Of course, there are plenty of other restaurants serving lunch in Gamla Stan. My experience was limited by the fact that I was on a business trip and always followed the lead of my Swedish co-workers who over the years developed quite strong opinions about the best lunch choices in Gamla Stan.

Bon appétit or, as Swedes would say, Smaklig måltid!

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18 thoughts on “Stockholm Lunch for 100Kr”

  1. Wow, Stockholm definitely has the reputation of an expensive city, so thankyou for the tip on lunching in Gamla Stan restaurants – nice to know about the special lunch menu! All of the food looks delicious, and I’m blown away by the size of the serving for the low price. I love that they gladly serve anyone, regardless of whether you work in Old Town too. Great travel hack – thanks!

    • Great to hear from you, Meg :). Stockholm food scene illustrates the positive side of “you get what you pay for” saying. You pay more, but the food is always tasty, highest quality and portions are generous.

  2. I wonder how much 100Kr converts into CAD…
    I always appreciate a good post about saving money when it comes to food. My favourite way to experience a country/culture is through its food. However, since we need to eats at least three meals a day food can become a big cost right up there with flights and accommodations. I think I like the Borgmästar’n Bistro & Bar. The food looks delicious.

    • I am with you, Cristopher – experiencing a culture through food works the best for me :). I hear you about costs of food though. Sometimes, I skip a meal to offset expenses but grumbling stomach does not want to do it too often. Today, 100Kr roughly equals to 15.54CAD. Cheers!

  3. These don’t look bad for the money! I’ve heard how expensive Sweden can be so this seems reasonable. The schnitzel did look amazing and I agree I’d rather have it over risotto even though it sounds heavy!

    • After days full of potato-heavy dishes, risotto was a welcomed change. It was tasty and, actually, didn’t feel too filling at all.

  4. OMG this all sounds so boring, hahaha! The part about the no music (and the poopy-shaped potato lolol) had me laughing out loud LOLLLL! I’ve been super keen to visit Stockholm, but as I vegan I am not 100% sure how I’ll be getting on to be honest. Good warning! haha!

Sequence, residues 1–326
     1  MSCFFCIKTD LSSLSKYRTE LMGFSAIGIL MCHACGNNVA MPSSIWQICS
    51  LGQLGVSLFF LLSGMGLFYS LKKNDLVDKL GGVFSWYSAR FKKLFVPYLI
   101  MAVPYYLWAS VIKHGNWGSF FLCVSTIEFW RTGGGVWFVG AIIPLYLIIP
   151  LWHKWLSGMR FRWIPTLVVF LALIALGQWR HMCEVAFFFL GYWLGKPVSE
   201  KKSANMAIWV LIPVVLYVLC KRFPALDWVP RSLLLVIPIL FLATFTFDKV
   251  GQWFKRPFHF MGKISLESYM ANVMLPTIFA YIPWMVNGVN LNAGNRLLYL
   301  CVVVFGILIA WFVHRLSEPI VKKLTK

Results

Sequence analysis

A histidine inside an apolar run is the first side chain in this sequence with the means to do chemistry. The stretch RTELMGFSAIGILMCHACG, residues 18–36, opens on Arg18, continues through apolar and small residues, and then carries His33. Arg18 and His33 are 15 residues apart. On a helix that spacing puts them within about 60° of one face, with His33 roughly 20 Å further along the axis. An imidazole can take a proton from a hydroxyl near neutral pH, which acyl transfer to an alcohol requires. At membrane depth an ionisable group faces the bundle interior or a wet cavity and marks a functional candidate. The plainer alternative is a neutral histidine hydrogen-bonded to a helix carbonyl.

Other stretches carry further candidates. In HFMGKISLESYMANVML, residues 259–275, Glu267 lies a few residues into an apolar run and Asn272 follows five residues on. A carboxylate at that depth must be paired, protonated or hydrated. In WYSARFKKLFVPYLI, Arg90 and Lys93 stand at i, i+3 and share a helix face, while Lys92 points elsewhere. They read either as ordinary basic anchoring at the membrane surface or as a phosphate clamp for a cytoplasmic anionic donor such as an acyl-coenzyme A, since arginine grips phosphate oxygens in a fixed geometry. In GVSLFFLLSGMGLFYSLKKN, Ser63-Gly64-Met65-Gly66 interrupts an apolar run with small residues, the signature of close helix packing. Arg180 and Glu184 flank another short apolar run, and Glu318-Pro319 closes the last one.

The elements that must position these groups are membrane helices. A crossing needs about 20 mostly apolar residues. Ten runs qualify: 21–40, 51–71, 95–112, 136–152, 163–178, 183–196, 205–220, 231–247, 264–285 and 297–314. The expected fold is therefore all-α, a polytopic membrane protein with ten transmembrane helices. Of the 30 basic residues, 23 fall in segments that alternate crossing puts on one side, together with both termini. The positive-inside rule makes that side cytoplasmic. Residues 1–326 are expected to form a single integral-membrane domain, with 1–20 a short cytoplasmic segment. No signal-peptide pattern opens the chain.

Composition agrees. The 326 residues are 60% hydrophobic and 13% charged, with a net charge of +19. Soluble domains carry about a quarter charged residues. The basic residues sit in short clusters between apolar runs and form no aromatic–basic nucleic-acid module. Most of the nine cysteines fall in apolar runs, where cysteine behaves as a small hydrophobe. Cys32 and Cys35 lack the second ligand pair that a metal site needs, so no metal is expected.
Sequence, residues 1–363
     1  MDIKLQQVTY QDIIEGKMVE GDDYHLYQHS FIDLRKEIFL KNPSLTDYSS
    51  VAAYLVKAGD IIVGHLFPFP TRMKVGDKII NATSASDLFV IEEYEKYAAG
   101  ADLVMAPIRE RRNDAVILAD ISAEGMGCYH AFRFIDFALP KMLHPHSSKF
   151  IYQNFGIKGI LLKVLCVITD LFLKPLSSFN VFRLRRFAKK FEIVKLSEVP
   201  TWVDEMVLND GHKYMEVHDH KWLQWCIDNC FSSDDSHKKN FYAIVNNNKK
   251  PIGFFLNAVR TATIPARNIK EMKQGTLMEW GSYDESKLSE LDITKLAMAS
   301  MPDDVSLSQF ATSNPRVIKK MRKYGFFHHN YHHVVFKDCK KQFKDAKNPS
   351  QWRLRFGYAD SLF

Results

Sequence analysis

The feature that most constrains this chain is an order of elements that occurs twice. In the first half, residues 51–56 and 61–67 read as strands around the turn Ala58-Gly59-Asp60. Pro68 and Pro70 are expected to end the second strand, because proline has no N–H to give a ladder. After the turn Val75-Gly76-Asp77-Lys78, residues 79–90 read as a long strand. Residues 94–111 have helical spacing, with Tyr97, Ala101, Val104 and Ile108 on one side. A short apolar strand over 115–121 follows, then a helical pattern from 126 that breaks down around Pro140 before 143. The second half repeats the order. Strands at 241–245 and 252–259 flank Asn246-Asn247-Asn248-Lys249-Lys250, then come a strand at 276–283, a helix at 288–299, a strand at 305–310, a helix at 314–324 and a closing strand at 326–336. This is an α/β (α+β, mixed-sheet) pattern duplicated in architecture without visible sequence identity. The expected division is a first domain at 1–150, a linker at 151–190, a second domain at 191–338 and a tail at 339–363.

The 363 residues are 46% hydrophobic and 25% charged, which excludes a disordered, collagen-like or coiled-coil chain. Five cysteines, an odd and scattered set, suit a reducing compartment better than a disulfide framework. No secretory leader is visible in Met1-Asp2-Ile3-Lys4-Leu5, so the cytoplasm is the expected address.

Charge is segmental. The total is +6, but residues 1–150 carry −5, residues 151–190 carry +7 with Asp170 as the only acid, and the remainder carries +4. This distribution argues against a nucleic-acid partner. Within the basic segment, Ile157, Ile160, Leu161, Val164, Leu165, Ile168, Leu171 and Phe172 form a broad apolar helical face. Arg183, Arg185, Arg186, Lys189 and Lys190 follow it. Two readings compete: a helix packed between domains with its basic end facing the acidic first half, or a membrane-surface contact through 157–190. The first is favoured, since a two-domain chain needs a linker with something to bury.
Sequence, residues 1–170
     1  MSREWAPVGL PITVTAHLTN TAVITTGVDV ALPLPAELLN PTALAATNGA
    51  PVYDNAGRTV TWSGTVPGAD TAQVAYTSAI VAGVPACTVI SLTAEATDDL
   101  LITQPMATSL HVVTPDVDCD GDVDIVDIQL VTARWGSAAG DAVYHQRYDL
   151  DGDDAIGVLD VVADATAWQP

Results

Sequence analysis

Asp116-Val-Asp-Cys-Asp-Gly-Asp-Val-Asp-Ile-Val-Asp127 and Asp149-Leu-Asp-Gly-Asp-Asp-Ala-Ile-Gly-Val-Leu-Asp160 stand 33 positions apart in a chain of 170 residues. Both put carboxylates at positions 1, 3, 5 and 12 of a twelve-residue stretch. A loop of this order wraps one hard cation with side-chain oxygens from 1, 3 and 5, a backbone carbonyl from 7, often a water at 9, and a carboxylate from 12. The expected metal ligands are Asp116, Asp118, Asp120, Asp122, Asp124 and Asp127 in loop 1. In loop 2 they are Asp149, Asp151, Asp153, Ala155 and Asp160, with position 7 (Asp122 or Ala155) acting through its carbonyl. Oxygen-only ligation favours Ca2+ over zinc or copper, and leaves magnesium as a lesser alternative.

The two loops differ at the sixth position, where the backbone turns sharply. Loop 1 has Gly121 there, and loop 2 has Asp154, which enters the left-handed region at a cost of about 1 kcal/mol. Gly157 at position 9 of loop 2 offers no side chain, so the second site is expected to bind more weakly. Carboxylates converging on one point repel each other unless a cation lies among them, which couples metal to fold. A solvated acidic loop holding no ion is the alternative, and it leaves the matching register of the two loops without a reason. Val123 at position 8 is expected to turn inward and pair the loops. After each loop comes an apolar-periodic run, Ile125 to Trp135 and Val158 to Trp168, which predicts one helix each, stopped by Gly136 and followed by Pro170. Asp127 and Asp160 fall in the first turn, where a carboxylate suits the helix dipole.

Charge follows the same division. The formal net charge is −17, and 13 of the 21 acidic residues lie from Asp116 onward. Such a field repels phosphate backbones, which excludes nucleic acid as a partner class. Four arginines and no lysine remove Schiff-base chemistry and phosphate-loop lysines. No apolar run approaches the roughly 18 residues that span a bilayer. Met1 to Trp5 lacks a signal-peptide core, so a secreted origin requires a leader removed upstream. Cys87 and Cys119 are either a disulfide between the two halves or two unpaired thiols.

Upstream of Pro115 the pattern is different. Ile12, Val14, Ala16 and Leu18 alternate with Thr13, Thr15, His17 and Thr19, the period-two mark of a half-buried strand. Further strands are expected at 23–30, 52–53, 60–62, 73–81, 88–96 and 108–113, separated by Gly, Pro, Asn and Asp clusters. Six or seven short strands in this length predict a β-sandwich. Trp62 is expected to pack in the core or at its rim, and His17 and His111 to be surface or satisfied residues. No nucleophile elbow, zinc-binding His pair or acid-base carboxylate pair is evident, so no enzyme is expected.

• Hmm, it could be interesting to be a vegan in Stockholm. Salads are routinely served, but they often contain some sort of meat or seafood. I am pretty sure that you would fine a place serving vegan food but it could be more expensive.

  5. Innsbruck also has special lunch menus, but I must say they look a little more exciting than the Swedish version. As you say, it’s traditional fare with no frills. Interesting shape of the mashed potatoe at Slingerbulten…

    • We had a good laugh at first sight of this mashed potato hmm… figure. Nobody else seemed to be bothered or they hid it really well.

  6. I’ve been to Stockholm and I remember groaning having to pay quite a bit for meals there! This list should help those who’re going on a budget. Looking at the meatball photo, I wonder if Ikea there offers value meals as well? Or is it located too far out of the city to be recommended too?

  7. Thank you for this post. Especially in the more northern countries in Europe, the food can be quite expensive so your lunch tips are very welcome!

    Smaklig måltid to you as well 😀

  8. I also knew that Stockholm is a very expensive city, so this is a great tip to make it through without having to splurge only at restaurants! I don’t even think they look bad, honestly… sure, as you said after a while you might want something else but for a shorter stay it’s more than enough!